Abstract: | The generic-group model (GGM) has been very successful in making the analyses of many cryptographic assumptions and protocols tractable. It is, however, well known that the GGM is “uninstantiable,” i.e., there are protocols secure in the GGM that are insecure when using any real-world group. This motivates the study of standard-model notions formalizing that a real-world group in some sense “looks generic.” We introduce a standard-model definition called pseudo-generic group (PGG), where we require exponentiations with base an (initially) unknown group generator to result in random-looking group elements. In essence, our framework delicately lifts the influential notion of Universal Computational Extractors of Bellare, Hoang, and Keelveedhi (BHK, CRYPTO 2013) to a setting where the underlying ideal reference object is a generic group. The definition we obtain simultaneously generalizes the Uber assumption family, as group exponents no longer need to be polynomially induced. At the core of our definitional contribution is a new notion of algebraic unpredictability, which reinterprets the standard Schwartz–Zippel lemma as a restriction on sources. We prove the soundness of our definition in the GGM with auxiliary-input (AI-GGM). Our remaining results focus on applications of PGGs. We first show that PGGs are indeed a generalization of Uber. We then present a number of applications in settings where exponents are not polynomially induced. In particular we prove that simple variants of ElGamal meet several advanced security goals previously achieved only by complex and inefficient schemes. We also show that PGGs imply UCEs for split sources, which in turn are sufficient in several applications. As corollaries of our AI-GGM feasibility, we obtain the security of all these applications in the presence of preprocessing attacks. Some of our implications utilize a novel type of hash function, which we call linear-dependence destroyers (LDDs) and use to convert standard into algebraic unpredictability. We give an LDD for low-degree sources, and establish their plausibility for all sources by showing, via a compression argument, that random functions meet this definition. |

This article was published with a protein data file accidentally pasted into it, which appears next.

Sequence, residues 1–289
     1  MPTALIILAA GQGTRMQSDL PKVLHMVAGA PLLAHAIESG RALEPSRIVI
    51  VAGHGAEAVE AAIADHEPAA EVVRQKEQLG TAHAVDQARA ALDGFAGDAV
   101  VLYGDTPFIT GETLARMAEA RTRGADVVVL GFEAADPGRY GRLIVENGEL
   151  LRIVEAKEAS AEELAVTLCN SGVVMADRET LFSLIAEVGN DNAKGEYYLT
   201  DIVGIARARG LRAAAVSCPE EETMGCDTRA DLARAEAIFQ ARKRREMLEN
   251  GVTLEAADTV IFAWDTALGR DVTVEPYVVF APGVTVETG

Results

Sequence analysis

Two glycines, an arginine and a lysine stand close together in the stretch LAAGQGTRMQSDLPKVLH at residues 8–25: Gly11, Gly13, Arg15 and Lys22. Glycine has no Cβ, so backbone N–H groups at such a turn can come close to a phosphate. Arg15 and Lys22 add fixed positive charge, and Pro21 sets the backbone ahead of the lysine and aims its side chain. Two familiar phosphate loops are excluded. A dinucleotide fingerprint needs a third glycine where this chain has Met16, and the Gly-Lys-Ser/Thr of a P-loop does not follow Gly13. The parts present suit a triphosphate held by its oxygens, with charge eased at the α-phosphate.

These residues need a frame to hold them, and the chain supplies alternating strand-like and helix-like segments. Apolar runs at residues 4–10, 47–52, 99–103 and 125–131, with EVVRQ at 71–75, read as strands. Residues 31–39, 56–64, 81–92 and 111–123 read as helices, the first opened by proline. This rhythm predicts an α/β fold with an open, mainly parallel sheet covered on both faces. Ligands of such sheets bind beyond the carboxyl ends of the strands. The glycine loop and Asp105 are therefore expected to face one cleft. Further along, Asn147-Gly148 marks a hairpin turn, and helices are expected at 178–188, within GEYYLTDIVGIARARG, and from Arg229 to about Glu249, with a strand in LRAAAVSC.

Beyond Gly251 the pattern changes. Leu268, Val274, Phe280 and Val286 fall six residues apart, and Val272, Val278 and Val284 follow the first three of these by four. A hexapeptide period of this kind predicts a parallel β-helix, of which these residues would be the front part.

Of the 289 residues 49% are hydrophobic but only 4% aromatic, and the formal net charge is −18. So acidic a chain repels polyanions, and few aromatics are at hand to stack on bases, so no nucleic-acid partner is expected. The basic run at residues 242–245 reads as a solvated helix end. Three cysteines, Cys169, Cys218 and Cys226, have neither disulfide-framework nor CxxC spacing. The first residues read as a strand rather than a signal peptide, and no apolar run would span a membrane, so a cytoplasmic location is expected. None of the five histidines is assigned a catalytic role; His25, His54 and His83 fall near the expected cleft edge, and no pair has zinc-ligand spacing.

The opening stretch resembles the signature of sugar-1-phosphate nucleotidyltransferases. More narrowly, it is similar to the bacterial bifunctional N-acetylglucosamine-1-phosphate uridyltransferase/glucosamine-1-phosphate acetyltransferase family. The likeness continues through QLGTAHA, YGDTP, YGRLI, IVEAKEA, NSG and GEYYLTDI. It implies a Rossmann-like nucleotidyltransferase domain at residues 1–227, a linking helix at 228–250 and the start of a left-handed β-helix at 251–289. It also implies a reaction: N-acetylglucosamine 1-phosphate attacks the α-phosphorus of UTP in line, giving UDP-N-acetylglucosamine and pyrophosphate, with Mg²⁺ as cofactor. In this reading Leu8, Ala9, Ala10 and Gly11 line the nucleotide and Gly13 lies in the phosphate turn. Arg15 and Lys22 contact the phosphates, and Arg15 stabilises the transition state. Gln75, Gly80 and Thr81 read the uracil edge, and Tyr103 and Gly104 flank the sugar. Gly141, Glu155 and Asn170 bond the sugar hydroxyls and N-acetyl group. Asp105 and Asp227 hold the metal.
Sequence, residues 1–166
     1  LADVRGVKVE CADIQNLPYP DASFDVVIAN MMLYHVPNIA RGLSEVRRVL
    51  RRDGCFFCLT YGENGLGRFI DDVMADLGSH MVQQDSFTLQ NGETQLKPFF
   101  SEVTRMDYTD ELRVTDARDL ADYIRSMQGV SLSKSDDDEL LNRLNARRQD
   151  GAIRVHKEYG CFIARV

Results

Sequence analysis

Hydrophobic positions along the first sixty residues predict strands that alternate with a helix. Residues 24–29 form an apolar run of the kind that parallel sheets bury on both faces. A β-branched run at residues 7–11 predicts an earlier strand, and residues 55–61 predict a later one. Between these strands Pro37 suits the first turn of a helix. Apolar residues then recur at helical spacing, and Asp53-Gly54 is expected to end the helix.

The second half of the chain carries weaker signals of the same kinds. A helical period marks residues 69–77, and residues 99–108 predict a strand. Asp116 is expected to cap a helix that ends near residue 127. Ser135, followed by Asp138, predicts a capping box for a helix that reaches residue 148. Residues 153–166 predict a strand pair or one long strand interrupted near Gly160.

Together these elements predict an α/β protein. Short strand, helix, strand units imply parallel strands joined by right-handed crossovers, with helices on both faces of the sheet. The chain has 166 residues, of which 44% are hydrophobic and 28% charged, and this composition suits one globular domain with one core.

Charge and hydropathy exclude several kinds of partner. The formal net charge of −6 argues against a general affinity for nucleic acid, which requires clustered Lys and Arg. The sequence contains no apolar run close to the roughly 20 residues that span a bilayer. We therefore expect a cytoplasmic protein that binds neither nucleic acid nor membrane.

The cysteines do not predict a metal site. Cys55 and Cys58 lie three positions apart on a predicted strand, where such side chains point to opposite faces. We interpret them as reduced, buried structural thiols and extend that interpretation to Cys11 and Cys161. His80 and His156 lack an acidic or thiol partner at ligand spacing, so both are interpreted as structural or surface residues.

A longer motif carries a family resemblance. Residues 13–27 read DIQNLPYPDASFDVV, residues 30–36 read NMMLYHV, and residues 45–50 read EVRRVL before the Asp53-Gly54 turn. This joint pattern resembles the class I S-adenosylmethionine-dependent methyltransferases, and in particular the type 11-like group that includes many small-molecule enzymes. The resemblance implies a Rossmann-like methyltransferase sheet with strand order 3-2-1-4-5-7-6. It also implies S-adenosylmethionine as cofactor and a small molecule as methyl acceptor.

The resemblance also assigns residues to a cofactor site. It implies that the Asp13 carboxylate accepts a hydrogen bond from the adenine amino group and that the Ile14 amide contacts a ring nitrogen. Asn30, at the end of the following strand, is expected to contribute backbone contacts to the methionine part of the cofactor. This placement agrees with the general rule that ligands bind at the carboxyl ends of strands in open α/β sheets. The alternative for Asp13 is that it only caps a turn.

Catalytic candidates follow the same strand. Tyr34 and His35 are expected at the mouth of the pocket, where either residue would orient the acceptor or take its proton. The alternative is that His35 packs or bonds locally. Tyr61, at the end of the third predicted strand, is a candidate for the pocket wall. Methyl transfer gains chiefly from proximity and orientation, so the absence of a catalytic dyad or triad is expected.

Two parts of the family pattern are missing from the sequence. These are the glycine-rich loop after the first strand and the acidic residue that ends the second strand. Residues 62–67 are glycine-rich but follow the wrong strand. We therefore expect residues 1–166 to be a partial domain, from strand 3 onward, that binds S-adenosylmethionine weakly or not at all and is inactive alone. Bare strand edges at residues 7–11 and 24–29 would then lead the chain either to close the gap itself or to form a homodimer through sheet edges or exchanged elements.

Book Title: | Theory of Cryptography |

Series: | Lecture Notes in Computer Science |

Series Volume: | 13749 |

Publisher: | Springer |

ISBN: | 978-3-031-22367-9 |

Uncontrolled Keywords: | Primitives, P2 |

Divisions: | 20 Department of Computer Science 20 Department of Computer Science > Cryptography and Complexity Theory DFG-Collaborative Research Centres (incl. Transregio) DFG-Collaborative Research Centres (incl. Transregio) > Collaborative Research Centres DFG-Collaborative Research Centres (incl. Transregio) > Collaborative Research Centres > CRC 1119: CROSSING – Cryptography-Based Security Solutions: Enabling Trust in New and Next Generation Computing Environments |

Event Title: | 20th Theory of Cryptography Conference (TCC 2022) |

Event Location: | Chicago, USA |

Event Dates: | 07.-10.11.2022 |

Date Deposited: | 21 Mar 2023 09:06 |

DOI: | 10.1007/978-3-031-22368-6_8 |

URL / URN: | https://link.springer.com/chapter/10.1007/978-3-031-22368-6_... |

PPN: | |

Corresponding Links: | |

Export: | |

Suche nach Titel in: | TUfind oder in Google |

Send an inquiry |

**Options (only for editors)**

Show editorial Details |